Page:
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Hannibal Courier - Post - Hannibal, MO
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BAGUETTES AND ONIONS
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About this blog
By Linda Bassett
Author and culinary school teacher Linda Bassett provides recipes for and tips on the season's freshest ingredients. She is the author of \x34From Apple Pie to Pad Thai: Neighborhood Cooking North of Boston.\x34 Reach her by email at KitchenCall@aol. ...
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Kitchen Call
Author and culinary school teacher Linda Bassett provides recipes for and tips on the season's freshest ingredients. She is the author of \x34From Apple Pie to Pad Thai: Neighborhood Cooking North of Boston.\x34 Reach her by email at KitchenCall@aol.com.
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By lindabcooks
June 12, 2013 5:15 p.m.



Another day, well, really, late night in Paris.  And still thinking about what happens to all that bread in a city where FRESH is the watchword.  Au Pied de Cochon (it means “the pig’s foot”), provided another answer.  Onion soup!  Hot and soothing and topped with thick slices of yesterday’s baguette and grated cheese.  Not to mention the meltingly tender onions at the bottom of the bowl.

Popular for decades, this restaurant packs them in every night.  More so after 10 o’clock as it never closes.  Never.  This brasserie is still hopping after all the other venues close.  So, for anyone who’s been partying until the wee hours, this is the place to go to finish off the evening – even at 3:00 AM.  And the place to go when it’s still raining in Paris.  Still.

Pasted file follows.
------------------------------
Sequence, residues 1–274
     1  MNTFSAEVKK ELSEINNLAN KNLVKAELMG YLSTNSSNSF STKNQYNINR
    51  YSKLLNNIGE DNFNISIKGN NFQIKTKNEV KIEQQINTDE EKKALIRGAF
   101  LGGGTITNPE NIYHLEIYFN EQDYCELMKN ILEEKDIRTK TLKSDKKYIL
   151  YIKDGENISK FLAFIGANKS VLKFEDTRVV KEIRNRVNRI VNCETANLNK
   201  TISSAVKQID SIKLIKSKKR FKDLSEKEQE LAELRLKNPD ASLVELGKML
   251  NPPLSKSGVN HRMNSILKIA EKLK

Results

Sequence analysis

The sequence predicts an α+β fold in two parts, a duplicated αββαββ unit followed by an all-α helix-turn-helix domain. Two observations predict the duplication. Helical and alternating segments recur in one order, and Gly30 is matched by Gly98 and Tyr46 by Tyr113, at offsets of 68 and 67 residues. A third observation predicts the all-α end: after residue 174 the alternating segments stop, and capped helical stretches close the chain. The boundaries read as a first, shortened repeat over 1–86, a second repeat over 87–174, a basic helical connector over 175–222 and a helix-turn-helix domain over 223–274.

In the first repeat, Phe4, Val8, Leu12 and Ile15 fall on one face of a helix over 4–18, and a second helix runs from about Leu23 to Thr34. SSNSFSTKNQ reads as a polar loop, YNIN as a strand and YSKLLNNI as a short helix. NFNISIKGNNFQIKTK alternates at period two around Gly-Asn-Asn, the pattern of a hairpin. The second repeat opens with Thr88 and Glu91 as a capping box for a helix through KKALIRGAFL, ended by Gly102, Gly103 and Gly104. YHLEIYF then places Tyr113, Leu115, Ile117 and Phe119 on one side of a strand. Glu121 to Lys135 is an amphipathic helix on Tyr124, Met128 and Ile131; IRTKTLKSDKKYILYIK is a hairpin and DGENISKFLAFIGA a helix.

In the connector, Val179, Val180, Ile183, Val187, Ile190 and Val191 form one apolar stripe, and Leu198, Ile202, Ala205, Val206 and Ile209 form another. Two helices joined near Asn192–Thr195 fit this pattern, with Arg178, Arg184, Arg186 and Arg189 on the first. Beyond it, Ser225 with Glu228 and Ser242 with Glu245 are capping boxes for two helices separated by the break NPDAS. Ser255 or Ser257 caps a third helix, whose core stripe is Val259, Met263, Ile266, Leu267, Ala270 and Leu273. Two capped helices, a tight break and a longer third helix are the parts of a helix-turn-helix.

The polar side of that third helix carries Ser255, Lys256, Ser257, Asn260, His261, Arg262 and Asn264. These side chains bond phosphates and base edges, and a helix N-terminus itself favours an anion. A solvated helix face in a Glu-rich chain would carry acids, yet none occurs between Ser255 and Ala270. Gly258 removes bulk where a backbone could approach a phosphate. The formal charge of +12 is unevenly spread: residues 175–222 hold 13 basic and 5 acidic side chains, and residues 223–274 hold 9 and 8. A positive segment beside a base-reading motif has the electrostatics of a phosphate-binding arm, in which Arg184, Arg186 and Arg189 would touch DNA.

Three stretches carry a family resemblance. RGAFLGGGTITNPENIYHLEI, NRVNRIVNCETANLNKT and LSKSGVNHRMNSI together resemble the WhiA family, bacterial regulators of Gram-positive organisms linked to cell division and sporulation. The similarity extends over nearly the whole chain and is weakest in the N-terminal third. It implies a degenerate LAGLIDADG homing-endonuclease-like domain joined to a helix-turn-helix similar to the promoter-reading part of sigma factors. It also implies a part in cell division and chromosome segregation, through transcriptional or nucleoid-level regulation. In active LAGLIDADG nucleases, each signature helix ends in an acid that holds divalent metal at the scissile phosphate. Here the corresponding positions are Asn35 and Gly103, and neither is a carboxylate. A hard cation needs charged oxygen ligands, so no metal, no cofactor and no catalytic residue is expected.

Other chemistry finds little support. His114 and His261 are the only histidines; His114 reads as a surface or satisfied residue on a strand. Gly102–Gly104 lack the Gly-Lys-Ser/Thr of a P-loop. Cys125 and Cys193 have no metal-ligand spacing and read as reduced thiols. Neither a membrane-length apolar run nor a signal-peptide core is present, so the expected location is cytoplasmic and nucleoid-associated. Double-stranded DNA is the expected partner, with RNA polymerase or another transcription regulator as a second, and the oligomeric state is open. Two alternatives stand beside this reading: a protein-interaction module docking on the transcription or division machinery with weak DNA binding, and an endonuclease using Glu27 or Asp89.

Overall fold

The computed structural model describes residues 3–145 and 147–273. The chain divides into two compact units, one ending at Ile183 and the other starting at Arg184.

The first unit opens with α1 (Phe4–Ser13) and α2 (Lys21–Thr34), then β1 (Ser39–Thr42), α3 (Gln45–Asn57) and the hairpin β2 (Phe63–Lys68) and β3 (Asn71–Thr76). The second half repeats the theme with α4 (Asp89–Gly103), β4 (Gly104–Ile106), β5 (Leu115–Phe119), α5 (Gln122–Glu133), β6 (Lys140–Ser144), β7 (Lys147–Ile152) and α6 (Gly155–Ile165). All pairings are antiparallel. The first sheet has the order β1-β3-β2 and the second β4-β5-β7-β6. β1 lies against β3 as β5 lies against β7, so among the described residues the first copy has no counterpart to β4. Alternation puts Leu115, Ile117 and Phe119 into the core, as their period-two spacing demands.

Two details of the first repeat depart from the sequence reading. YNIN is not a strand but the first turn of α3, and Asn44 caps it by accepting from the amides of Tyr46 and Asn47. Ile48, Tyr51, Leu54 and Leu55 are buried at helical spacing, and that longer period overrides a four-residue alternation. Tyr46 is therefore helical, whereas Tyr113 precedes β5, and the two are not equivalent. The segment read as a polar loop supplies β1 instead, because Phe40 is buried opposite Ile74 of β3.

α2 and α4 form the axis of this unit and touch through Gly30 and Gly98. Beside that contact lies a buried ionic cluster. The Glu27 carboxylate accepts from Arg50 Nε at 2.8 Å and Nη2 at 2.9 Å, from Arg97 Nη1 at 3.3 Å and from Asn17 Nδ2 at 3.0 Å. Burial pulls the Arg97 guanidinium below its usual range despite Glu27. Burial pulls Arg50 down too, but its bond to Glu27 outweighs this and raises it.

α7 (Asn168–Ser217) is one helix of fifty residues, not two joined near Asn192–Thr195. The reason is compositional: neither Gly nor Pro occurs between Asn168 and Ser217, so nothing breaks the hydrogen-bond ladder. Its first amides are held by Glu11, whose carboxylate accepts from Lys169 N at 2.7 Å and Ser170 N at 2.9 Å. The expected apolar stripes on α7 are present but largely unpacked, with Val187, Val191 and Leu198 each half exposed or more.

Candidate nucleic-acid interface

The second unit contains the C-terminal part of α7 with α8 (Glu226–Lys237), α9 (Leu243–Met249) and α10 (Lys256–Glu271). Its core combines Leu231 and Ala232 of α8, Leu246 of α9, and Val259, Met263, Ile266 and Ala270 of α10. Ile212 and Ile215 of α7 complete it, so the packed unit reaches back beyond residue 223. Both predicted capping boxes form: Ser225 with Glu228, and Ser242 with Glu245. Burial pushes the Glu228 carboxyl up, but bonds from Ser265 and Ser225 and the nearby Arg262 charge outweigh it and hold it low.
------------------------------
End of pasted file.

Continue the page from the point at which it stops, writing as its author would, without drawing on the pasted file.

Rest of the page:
ONION SOUP, AU PIED DE COCHON

Makes 6 servings, easily doubled

My advice on this one is to get a nice sturdy ovenproof roasting pan, like one of those turkey pans with handles, to put the bowls into for the broiling step.  That way,  soup won’t slosh on the bottom of the oven or on your floor, or burn your hands as you try to transfer it to the table at the perfect temperature – hot, hot, hot!

The chicken stock, rather than beef, was a bit of a shock to me, but some cooks outside the restaurant make it with half chicken, half beef stock.  After tasting the original, I’ll stick to this recipe.

1 or 2 large white onions, weight about 1 pound, thinly sliced

2 cups dry white wine

2 tablespoons unsalted butter

6 cups chicken stock

6 thick slices “day old” crusty baguette

2 cups grated Gruyere cheese



  • Preheat the oven to 425 degrees.


  • Combine the onions, wine, and butter in a baking dish.  Cook, uncovered until the onion is very soft and most of the liquid evaporates, about 45 minutes.  Raise the oven temperature to broil.


  • While the onion cooks, bring stock to a simmer in a large, heavy saucepan.


  •  Distribute the cooked onions evenly into 6 deep, ovenproof soup bowls.  Pour the simmering stock into each one.  Place a round of bread on top of each soup bowl; top the bread with the grated cheese.


  • Transfer the soup bowls to the oven, under the broiler, for 2 to 3 minutes, until cheese melts.  Serve immediately.




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